Clinical Endocannabinoid DeficiencyMarch 28, 2017 -
Researchers first began the revolutionary study of THC in 1964 where they found that tetrahydrocannabinol (THC) was just one of an entire family of cannabinoid compounds. Some years later in 1988, the role of cannabinoids in neurological function were explored, demonstrating how THC binds to receptors in the brain. This was a breakthrough in our understanding of receptors.
CB1 and CB2 were discovered and by 1992 the endogenous compounds that it these receptors like a key in a lock were identified. This is where the story of cannabis’ role in our bodies began!
Research has shown that these receptors are scattered throughout our various organs. CB1 is found primarily in the brain and CB2 in the GI tract, liver, spleen, various endocrine glands and reproductive system. CB2 receptors are also involved in our immune system and peripheral nervous system.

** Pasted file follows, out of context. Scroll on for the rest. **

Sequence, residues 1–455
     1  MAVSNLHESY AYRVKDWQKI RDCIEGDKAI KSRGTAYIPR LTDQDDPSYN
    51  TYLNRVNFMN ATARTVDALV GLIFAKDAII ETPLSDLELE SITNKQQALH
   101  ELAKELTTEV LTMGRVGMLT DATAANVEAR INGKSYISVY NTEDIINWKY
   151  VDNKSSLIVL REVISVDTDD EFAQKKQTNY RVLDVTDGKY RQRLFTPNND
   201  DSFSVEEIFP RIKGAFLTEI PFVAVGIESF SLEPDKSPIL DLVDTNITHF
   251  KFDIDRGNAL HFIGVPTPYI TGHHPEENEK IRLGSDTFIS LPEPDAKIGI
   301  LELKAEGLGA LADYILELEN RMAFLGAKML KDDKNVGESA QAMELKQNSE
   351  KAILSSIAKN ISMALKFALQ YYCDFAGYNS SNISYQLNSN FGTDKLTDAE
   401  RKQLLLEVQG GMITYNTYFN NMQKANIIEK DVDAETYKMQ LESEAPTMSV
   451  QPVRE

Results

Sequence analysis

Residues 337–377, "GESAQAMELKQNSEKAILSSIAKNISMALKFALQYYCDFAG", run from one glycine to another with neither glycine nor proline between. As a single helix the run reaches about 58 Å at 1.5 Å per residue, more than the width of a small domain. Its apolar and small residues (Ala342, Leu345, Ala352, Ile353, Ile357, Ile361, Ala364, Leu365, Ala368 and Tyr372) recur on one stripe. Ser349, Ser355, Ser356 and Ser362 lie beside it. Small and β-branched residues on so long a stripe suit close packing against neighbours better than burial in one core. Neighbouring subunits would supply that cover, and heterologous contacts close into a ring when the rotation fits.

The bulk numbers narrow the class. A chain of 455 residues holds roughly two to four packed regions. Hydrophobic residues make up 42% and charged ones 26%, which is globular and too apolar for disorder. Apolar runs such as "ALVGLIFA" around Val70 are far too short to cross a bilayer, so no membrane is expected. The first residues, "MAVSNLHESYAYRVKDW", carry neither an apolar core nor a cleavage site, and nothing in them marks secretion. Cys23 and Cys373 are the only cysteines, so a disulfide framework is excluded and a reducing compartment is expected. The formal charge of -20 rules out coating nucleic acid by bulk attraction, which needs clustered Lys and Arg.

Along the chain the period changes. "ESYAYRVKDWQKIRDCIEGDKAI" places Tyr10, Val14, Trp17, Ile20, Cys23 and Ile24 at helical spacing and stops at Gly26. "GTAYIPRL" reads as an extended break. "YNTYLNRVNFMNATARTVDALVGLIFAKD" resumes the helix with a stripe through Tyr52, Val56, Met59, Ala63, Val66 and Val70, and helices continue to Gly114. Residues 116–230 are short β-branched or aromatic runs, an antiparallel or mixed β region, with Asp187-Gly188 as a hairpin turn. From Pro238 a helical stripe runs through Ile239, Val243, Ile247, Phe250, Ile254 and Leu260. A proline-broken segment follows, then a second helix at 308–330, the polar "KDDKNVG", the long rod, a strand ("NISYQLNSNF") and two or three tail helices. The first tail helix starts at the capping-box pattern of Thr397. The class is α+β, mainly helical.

Over the years and many studies, researchers have found that a chemical endocannabinoid deficiency might explain the source of many diverse conditions.
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